UT System private counsel said Hall did not violate state law

Madlin Mekelburg

In a report released earlier this week, private legal counsel representing the UT System concluded there was “no credible evidence” that Regent Wallace Hall violated a state law regarding the protection of confidential information. 

Philip Hilder, outside counsel to the System, submitted a report outlining his conclusions to the House Select Committee on Transparency in State Agency Operations on Monday. The committee is investigating Hall to determine whether Hall overstepped his duties as a regent and whether he should be recommended for impeachment. 

Hall has been accused of conducting a “witch-hunt” against President William Powers Jr. after he filed open-records requests with the University for more than 800,000 pages of information. 

At one committee hearing in November, UT System lawyers testified Hall was mistakenly given access to private student information — possibly in violation of federal privacy laws — which he subsequently shared with his private attorney. Francie Frederick, general counsel to the UT System Board of Regents, said regents are only allowed to view documents with information protected by the Family Educational Rights and Privacy Act — known as FERPA — if the regents have a “legitimate educational purpose” for doing so.

At the same hearing, State Rep. Trey Martinez Fischer, D-San Antonio, requested a review and response from the UT System regarding the potential violation. Martinez Fischer also motioned to have Rusty Hardin, legal counsel to the committee, review Hall’s actions in sharing confidential documents and determine whether Hall committed a crime.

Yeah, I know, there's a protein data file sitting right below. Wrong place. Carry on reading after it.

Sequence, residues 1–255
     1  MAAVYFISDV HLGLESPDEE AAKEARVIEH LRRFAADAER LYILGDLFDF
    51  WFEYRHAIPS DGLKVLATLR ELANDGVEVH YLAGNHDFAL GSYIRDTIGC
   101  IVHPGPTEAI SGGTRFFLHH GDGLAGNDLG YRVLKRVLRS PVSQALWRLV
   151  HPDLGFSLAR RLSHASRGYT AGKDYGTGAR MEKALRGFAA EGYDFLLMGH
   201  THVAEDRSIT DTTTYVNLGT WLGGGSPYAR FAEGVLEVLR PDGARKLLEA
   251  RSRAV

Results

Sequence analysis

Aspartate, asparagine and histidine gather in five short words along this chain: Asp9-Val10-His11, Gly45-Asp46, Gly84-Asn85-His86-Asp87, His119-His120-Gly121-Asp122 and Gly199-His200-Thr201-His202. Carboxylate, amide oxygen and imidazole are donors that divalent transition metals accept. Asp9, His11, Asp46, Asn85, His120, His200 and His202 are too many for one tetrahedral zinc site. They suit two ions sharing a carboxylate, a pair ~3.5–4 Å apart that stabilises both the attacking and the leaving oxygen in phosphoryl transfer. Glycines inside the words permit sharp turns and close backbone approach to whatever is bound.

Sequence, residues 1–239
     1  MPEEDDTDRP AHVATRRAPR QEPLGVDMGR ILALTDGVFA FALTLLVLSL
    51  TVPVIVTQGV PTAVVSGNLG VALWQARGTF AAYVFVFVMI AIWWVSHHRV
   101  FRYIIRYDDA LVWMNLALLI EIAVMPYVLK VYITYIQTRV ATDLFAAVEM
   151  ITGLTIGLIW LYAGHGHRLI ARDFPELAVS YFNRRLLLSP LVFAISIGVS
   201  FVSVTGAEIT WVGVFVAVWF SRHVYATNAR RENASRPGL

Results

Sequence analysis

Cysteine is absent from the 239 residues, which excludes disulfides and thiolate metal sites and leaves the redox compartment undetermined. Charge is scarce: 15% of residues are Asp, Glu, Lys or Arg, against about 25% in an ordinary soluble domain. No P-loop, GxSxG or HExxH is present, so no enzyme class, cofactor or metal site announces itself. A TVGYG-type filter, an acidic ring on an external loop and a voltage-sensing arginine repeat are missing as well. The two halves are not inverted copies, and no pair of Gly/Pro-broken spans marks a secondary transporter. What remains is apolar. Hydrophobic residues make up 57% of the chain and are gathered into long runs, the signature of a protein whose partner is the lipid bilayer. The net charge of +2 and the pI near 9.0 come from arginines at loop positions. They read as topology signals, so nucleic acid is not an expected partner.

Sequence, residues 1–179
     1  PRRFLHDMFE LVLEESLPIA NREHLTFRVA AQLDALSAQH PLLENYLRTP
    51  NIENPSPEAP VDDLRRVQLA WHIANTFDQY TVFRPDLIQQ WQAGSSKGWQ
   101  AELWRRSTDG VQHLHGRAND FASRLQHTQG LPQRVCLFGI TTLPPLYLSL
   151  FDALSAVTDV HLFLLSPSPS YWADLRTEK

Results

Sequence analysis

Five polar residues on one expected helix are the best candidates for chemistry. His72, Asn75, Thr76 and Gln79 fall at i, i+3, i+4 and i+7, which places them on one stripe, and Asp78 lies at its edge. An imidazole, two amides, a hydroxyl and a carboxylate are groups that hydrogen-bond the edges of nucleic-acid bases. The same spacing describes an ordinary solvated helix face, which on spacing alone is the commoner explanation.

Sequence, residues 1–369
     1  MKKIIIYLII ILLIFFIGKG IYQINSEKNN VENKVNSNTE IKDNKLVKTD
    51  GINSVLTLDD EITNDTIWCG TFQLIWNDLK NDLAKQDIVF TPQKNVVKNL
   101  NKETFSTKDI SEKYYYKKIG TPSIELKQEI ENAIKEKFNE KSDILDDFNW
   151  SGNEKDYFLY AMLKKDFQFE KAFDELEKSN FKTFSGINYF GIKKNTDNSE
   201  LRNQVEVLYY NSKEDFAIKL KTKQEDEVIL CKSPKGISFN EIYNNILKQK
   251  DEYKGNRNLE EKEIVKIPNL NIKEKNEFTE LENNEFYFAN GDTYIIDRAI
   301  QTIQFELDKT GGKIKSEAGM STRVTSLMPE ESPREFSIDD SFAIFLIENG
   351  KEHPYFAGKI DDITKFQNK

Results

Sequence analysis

In his letter, Hilder said Hall requested all information protected by FERPA be redacted from the documents, but UT failed to completely remove all potentially problematic information when providing Hall with the requested documents. Hilder concluded Hall did not violate privacy acts because the University “never determined that Regent Hall did not have a legitimate educational interest” in viewing the information. 

“Regent Hall specifically asked that documents with potential FERPA information be withheld,” Hilder said. “However, when potential FERPA documents were provided by UT-Austin, in response to a regental information request, issues surrounding UT-Austin’s admissions process came to Regent Hall’s attention.”

Hilder said the role of a regent includes maintaining admissions standards consistent with the mission of institutions in the UT System, so, once Hall read the documents in question and identified potential issues with the admissions process, he would have an educational purpose. 

In the letter, Hilder said Hall did not violate FERPA when he disclosed the emails because UT did not intend to give Hall access to the information, and Hall did not intend to receive it, demonstrated by his request for all information protected by FERPA to be redacted. 

State Rep. Carol Alvarado, D-Houston and co-chairwoman of the committee, said she is glad the System followed the committee’s request by submitting a report. 

“We appreciate them getting this to us in a timely manner, and I’m looking forward to reviewing the main report from our own general counsel [Hardin],” Alvarado said.